Definitions and Warning Signs
VeraBank strives to protect our customers’ accounts and identities. Below is a list of common scams. These may be used to attempt to steal personal banking information or to gain money through a scam.
VeraBank will not ask you for your Online Banking password or your debit card PIN. For your security, please do not give this information out to anyone, whether online, by email, by phone, by text, or in-person. When in doubt, check with VeraBank and we can help determine if it is a scam or phishing attempt.
A Phishing attempt is simply looking for any personal or financial information of a consumer. The con-artists will use this information to perform fraud for their own financial gain.
These attempts can be through the mail, email, phone, cell phone, or text message.
Other forms of Phishing:
Smishing uses cell phone text messages to deliver the "bait" to get you to divulge your personal information. There are multiple methods that may be used to actually "capture" your information in the text message. This includes website URLs or a phone number that connects to an automated voice response system.
Vishing is a form of phishing, where instead of using email to steal personal information, the criminal uses a phone call. This phone call can be either live or automated.
A scam that is a confidence trick involving feigned romantic intentions towards a victim. They gain the victim's affection and then use that goodwill to commit fraud. Fraudulent acts may involve access to the victims' bank accounts, credit cards, or other personal accounts. Fraudsters could also get the victims to commit fraud on their behalf.
- You meet someone on an internet dating website and their profile picture looks different than their description. The picture may look like it's from a magazine.
- After just a few contacts they profess strong feelings for you. They then suggest moving the conversation away from the website preferring email, instant messaging and/or phone instead.
- After gaining your trust, they tell you an elaborate story and ask for money, gifts or your bank account/credit card details.
- They continue to ask you for money, but they never actually visit you.
- If you don't send money straightaway, their emails and calls will often become desperate, persistent or direct.
- The email is poorly written, vague, or contains specific information taken directly from news articles. Other clues include that you are addressed by the wrong name or the email is not addressed at all.
In this type of scam, a consumer is selling an item either in the paper or on the internet. The con-artist contacts them and wishes to purchase the item. When the consumer receives a check, the amount of the check is for more than the purchase amount of the item.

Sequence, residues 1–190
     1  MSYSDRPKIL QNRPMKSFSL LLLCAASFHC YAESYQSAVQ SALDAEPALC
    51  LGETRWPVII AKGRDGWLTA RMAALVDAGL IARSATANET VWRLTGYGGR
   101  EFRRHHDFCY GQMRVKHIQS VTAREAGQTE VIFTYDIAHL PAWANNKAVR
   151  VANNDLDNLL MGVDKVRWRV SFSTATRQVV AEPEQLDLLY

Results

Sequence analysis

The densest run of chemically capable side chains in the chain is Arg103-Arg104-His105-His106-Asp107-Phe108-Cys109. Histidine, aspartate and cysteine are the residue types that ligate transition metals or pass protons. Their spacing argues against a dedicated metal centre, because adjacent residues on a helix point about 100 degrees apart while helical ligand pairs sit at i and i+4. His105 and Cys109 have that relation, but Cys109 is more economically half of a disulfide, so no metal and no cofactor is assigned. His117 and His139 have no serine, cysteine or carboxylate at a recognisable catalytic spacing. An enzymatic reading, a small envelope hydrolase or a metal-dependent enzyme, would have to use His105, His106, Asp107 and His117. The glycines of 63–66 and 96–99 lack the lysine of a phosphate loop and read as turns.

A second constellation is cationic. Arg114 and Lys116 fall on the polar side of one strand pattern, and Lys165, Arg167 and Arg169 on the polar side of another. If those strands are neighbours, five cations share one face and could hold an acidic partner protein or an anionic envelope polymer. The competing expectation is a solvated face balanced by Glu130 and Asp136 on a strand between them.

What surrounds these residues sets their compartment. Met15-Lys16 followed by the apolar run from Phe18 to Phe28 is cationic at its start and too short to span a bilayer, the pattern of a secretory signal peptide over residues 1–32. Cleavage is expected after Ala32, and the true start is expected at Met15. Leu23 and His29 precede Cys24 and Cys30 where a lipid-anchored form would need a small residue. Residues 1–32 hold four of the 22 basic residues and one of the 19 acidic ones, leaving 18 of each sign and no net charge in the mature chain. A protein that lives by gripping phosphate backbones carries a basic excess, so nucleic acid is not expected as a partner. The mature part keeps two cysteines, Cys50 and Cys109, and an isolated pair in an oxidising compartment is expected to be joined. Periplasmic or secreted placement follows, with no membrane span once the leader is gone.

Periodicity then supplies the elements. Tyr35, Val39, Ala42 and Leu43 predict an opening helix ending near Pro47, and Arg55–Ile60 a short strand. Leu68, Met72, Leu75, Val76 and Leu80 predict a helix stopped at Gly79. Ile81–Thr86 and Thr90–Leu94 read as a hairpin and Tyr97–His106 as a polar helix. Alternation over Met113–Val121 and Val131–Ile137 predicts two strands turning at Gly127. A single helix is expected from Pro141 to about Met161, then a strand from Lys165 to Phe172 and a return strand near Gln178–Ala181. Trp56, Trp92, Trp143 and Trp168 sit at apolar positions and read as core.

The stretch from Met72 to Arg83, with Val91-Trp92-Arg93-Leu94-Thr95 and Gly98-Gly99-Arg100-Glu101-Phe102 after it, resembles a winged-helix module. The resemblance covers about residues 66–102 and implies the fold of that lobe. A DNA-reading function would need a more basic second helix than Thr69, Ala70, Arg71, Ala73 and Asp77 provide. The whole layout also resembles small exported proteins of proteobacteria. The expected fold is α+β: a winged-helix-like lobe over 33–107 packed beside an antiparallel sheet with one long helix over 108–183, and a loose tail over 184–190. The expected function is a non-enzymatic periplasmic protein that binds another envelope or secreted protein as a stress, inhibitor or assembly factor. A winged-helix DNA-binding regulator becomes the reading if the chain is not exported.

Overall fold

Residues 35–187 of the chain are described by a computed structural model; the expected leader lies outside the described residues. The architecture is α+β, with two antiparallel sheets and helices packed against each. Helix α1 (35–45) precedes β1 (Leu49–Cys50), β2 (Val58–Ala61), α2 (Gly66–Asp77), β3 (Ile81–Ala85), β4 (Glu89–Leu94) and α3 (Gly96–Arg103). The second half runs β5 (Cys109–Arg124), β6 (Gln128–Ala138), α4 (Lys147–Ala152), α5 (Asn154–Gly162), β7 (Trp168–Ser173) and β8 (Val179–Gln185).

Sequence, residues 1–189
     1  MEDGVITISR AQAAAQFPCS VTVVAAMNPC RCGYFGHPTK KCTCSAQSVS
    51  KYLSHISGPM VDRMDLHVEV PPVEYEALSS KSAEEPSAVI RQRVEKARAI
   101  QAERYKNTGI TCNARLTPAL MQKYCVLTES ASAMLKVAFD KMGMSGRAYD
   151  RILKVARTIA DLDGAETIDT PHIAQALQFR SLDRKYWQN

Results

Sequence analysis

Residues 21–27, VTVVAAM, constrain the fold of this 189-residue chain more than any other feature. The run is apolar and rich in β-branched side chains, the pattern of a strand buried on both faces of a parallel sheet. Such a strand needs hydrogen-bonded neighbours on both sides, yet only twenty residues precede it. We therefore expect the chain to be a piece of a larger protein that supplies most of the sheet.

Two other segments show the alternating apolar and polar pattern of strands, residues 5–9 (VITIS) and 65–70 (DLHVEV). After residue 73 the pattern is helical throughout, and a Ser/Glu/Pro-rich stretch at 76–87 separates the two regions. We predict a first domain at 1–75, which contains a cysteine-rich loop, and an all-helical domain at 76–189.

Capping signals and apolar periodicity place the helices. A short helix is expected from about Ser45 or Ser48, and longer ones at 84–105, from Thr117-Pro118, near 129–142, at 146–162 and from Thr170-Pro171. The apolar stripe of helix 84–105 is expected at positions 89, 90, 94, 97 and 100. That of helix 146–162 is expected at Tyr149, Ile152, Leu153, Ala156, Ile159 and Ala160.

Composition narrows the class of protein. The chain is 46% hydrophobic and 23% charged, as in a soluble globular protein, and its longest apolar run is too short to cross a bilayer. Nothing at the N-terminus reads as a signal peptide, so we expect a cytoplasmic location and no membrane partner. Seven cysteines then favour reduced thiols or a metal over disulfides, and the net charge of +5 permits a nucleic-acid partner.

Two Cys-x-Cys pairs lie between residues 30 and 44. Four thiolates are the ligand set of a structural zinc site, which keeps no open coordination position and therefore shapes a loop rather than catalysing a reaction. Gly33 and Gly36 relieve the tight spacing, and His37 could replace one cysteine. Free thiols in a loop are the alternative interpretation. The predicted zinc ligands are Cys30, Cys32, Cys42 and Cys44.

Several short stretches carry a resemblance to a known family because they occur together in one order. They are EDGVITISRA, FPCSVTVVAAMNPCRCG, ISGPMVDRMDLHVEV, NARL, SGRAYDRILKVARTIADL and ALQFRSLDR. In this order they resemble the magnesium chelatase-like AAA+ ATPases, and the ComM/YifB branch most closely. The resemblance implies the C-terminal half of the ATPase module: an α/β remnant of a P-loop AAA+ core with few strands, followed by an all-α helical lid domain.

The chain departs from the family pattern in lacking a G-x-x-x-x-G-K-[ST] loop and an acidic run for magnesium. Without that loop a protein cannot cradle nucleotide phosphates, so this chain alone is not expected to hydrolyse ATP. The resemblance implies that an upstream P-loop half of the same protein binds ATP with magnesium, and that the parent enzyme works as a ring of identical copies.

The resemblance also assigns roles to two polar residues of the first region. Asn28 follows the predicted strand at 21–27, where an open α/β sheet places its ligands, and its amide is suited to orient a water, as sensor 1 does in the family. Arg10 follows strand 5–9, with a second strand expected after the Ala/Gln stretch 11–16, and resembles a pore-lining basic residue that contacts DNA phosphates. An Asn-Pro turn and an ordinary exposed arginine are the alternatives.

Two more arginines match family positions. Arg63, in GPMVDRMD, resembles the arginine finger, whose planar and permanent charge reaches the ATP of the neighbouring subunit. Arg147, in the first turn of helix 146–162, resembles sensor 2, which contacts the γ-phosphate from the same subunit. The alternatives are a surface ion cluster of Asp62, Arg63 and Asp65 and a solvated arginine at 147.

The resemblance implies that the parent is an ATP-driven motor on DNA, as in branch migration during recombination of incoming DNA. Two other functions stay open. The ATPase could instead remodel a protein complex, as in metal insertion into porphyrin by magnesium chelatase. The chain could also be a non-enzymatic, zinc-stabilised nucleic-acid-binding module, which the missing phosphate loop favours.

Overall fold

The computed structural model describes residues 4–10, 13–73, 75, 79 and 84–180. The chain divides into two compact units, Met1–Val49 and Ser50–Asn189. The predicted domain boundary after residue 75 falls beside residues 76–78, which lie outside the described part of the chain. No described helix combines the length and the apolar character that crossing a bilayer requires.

The consumer then has contact with the purchaser again and the purchaser instructs them to send the difference back to them. They usually tell the purchaser to send the money by Western Union or MoneyGram.
You are responsible for the entire amount of the fraudulent check when it is returned. Plus, you may have also lost the item in the “sale.”
This scam involves scammers calling a grandparent, then pretending to be their grandchild who is in some kind of trouble. These claims usually say that the grandchild is in a foreign country and they are in trouble for drugs, involved in an accident, were mugged, etc. The need is urgent and money needs to be sent immediately. Sometimes the scammers will also pose as a police officer, lawyer, doctor, or some other person.
Tech Support Scam
Scammers will try and trick you into paying them to fix a serious computer problem, like a virus, that doesn’t actually exist. They accomplish this by calling and pretending to be tech support or with popups on your computer. They often will ask for payment by an unconventional method, such as a wire transfer, using a money transfer app (Zelle, Venmo, etc.), or by putting money on a gift card, cash card, or prepaid card.
In the lottery scam, a consumer receives a letter claiming that they have won some type of lottery. This lottery can be an international lotto or even a local one such as Readers Digest. Along with the letter is a counterfeit check for an amount usually less than $5,000.00.
The letter has a lotto agent's name and number. The victim uses this to contact to find out what they need to do to receive the rest of their winnings. If called, the lotto agent will have the victim cash the check and send the majority of the funds by Western Union or MoneyGram. They will tell the victim this is to pay the ‘taxes’ on the winnings.
You can protect yourself from this scam by paying close attention to the situation. If you haven't entered the lottery then how could you win? If someone is requesting you to send funds back to them, this is of concern.
Secret Shopper Scam
In this type of scam, a consumer receives a counterfeit check for an amount usually less than $5,000.00. The scammer instructs you to cash or deposit the check and keep some of the funds for your pay. With some of the funds, you go to a few businesses and purchase small dollar items. While doing this you are secretly taking notes on the treatment you are receiving.
With the bulk of the funds, you send Western Union or MoneyGram transactions to them while you take notes on the service. They tell you that they are monitoring the service on their end to complete the survey.
You are responsible for the missing funds when the check comes back as a fraudulent check.
Still have questions about scams? Please let us know.